FARGO, N.D. — Roger Maris' grave lies near some tall, willowy firs. A visitor hears only the wind and the birds in the trees, or sometimes the rumble of a jet at the nearby airport.
Once in a while, a wandering baseball fan seeks out the headstone of the man who, 30 years ago today, broke Babe Ruth's record of 60 home runs in a season.
Roger Maris was a boy here, learned to play football and baseball here, grew to manhood here, and here he rests--under a black granite bearing his carved likeness, caught in the middle of hitting his 61st home run in 1961.
To the left of his bat is the figure 61, and on the right is '61.
Maris, who was 51 when he died of cancer in 1985, was 27 when he hit Tracy Stallard's fastball into the Yankee Stadium seats on Sunday, Oct. 1, 1961. That was in the fourth inning of the season's last game, on a 2-and-0 pitch from the Boston rookie, and 23,154 saw it.
He hit that 61st homer in his 161st game. Ruth played a 154-game schedule when he hit 60 in 1927, and hit his 60th in his 151st game. Maris played a 162-game schedule.
Only recently did baseball Commissioner Fay Vincent remove the so-called asterisk from baseball's official records, finally awarding Maris the unqualified single-season home run record.
In fact, there never really was an asterisk. The Baseball Record Book has simply listed Maris as the record-holder for a 162-game season, Ruth for a 154-game season.
The truth is that Maris said he never much cared whether he even hit 60 homers.
In a 1981 telephone interview with The Times, Maris said:
"I told people all season in '61 that I didn't care if I broke the record or not, that all I was interested in was helping the Yankees get into the World Series.
"A lot of (reporters) interpreted that as being surly. But it was the truth. I didn't give a damn if I broke it or not. And I proved that by taking a day off the day after I hit the 60th."
Maris' father, 80-year-old Rudy Maris of Fargo, said in a phone interview that he and his son rarely discussed 60 home runs or Babe Ruth in 1961.
"I can't remember Roger and I ever discussing it once that year, and he called home all the time," Rudy Maris said.
"He really didn't care one way or the other. But I remember a lot of New York people resented the fact that he and not (Mickey) Mantle broke Ruth's record. And the silly part of that is Roger and Mickey were very close. Mickey loved Roger."
Mantle was a pallbearer at Maris' 1985 funeral here, along with former Yankee teammates Bill Skowron, Whitey Ford and Bobby Richardson.
Roger Maris is gone, but at the Roger Maris Museum in the West Hills Shopping Center, it is still 1961.
Jim McLaughlin, who manages the museum for the sponsor, Fargo American Legion Post No. 2, said the idea was first broached to Maris in 1983, when he visited his hometown for the state American Legion tournament.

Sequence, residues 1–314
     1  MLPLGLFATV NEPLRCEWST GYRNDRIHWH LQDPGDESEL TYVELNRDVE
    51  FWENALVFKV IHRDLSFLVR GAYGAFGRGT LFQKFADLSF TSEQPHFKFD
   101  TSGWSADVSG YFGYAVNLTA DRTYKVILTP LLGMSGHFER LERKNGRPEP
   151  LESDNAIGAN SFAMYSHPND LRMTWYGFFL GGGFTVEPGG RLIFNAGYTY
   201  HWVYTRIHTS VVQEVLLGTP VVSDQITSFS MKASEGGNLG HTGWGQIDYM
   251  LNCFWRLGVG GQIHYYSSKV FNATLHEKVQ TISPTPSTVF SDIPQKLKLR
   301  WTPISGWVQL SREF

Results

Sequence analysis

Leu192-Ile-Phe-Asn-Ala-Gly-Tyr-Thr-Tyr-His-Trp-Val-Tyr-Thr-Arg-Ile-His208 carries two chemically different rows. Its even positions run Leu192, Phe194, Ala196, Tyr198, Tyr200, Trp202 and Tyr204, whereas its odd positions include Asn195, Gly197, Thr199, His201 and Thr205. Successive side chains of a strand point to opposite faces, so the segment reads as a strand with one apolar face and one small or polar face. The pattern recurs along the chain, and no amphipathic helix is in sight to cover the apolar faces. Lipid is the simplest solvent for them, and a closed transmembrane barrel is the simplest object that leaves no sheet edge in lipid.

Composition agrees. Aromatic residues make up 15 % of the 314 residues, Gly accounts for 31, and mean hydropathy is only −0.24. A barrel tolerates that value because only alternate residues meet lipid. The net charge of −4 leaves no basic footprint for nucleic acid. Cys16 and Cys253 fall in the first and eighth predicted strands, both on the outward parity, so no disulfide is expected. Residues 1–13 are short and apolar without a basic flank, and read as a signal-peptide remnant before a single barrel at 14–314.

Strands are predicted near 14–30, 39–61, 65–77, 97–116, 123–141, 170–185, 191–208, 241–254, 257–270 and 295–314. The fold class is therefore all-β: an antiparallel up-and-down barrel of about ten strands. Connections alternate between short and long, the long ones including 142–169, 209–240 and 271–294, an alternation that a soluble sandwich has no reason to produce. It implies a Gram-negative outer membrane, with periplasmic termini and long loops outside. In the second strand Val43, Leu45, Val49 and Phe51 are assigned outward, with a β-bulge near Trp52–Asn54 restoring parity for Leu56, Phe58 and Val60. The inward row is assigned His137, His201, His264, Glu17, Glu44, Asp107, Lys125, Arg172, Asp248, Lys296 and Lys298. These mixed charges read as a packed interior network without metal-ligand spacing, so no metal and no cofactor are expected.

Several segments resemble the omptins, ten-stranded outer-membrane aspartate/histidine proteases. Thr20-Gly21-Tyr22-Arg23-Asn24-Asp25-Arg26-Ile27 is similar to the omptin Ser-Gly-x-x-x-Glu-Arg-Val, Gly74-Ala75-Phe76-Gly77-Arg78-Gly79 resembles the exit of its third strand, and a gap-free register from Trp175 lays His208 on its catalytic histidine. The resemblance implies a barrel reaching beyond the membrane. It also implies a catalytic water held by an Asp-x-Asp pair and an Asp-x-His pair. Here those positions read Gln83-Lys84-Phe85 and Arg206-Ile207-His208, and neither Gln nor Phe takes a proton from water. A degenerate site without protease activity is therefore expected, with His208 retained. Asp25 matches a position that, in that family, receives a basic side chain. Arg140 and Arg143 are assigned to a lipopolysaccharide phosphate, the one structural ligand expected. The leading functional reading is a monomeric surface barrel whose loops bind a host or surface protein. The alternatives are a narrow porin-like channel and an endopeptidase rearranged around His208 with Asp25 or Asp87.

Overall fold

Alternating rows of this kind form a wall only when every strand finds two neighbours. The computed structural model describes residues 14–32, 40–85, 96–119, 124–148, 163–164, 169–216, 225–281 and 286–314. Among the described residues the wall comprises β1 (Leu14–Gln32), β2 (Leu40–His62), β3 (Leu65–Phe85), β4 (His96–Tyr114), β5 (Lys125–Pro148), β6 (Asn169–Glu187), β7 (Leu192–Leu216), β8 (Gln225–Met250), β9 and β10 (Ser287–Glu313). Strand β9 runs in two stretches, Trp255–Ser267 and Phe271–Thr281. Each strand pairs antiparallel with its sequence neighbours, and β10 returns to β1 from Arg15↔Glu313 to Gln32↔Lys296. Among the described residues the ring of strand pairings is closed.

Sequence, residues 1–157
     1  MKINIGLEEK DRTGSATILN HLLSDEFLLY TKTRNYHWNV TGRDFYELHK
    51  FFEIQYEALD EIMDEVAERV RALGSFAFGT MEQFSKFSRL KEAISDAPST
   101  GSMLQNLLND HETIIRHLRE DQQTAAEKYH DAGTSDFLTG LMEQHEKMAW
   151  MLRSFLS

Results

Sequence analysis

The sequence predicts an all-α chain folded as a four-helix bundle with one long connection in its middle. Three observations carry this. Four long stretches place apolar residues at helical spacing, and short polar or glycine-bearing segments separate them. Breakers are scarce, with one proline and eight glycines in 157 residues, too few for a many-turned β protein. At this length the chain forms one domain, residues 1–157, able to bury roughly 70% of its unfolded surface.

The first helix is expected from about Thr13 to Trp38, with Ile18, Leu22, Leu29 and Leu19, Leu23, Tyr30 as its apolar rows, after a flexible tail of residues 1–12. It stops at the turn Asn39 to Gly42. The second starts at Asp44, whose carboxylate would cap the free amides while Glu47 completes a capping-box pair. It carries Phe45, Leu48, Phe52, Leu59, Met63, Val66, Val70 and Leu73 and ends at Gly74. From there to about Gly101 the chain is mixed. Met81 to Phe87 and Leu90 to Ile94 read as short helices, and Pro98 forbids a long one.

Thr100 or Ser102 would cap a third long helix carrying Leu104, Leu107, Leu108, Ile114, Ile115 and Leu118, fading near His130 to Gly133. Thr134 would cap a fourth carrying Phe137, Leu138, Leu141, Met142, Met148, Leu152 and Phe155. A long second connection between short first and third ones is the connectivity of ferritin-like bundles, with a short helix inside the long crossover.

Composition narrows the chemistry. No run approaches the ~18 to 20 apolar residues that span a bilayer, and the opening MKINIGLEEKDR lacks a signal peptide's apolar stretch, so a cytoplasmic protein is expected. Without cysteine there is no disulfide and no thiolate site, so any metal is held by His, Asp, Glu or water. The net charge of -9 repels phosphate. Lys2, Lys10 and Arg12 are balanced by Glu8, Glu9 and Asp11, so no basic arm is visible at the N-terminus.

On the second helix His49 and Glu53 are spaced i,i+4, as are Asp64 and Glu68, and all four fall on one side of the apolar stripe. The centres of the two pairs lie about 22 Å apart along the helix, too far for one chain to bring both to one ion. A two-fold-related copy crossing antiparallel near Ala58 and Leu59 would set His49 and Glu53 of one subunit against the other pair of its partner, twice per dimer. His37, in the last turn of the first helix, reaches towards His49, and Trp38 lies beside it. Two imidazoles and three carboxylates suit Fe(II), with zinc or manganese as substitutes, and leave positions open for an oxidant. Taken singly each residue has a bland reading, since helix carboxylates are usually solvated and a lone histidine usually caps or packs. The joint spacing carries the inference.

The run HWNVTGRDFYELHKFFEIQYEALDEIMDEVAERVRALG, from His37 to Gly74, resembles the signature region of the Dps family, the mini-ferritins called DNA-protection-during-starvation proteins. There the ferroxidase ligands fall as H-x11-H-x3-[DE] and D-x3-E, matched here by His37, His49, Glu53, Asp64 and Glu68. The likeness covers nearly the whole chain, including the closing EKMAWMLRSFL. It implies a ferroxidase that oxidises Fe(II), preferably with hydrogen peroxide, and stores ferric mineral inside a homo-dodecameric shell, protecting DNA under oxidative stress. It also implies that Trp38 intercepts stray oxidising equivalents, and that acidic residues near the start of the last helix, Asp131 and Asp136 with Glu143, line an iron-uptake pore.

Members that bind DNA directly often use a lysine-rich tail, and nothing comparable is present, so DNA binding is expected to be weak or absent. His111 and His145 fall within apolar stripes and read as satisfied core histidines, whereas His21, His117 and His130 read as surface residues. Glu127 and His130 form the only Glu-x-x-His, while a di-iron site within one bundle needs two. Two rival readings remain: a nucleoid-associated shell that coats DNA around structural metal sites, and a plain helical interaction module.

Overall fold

Maris felt a special attachment to American Legion baseball. His Fargo high school, Shanley, had no baseball program, so it was in the summer-long Legion leagues that he attracted the attention of pro scouts.
"Some of us had wanted to put together some kind of Roger Maris hall of fame for a long time," McLaughlin said. "So we put together a plan, and asked him about it in 1983. He was all for it, and then told us we could have everything he had, including a lot of stuff that was stuck away in his closets."
McLaughlin and a friend flew to Maris' home in Gainesville, Fla., rented a trailer and hauled a load of memorabilia back to Fargo.
On display are the balls that in 1961 were home runs No. 48, 54, 55, 56, 57, 58 and 60. The 61st is in the Baseball Hall of Fame at Cooperstown, N.Y. The 59th was caught by a Boston Red Sox fan who never returned it.
Maris' old Fargo American Legion baseball uniform is neatly folded in a glass case, as is his 1961 Yankee uniform. There are photographs of Maris with five U.S. presidents.
It catches your eye that Fargo sports sections detailing Maris' early 1950s American Legion baseball achievements spelled his name "Maras." And it wasn't sloppy journalism.
"When Roger was a teen-ager, it bothered him that opposing players and spectators chanted 'mare-ass' at him," his father recalled. "So one day he said: 'Dad, can we fix that?'
"So I had the spelling of our name changed to Maris."
Then there is the 1951 headline from Shanley High days about the night Maris returned four kickoffs for touchdowns in one game, still the national high school record.
His high school football coach was Sid Cichy, now 70, who was summoned from his back-yard garden to talk about Maris' high school days.
"That game was at Devils Lake, which is about 160 miles from Fargo," Cichy said. "I can't remember when those runbacks occurred, but I do remember the score. We won, 32-27.
"We had a lousy team--we were 3-5 that year--but we did have Roger Maris.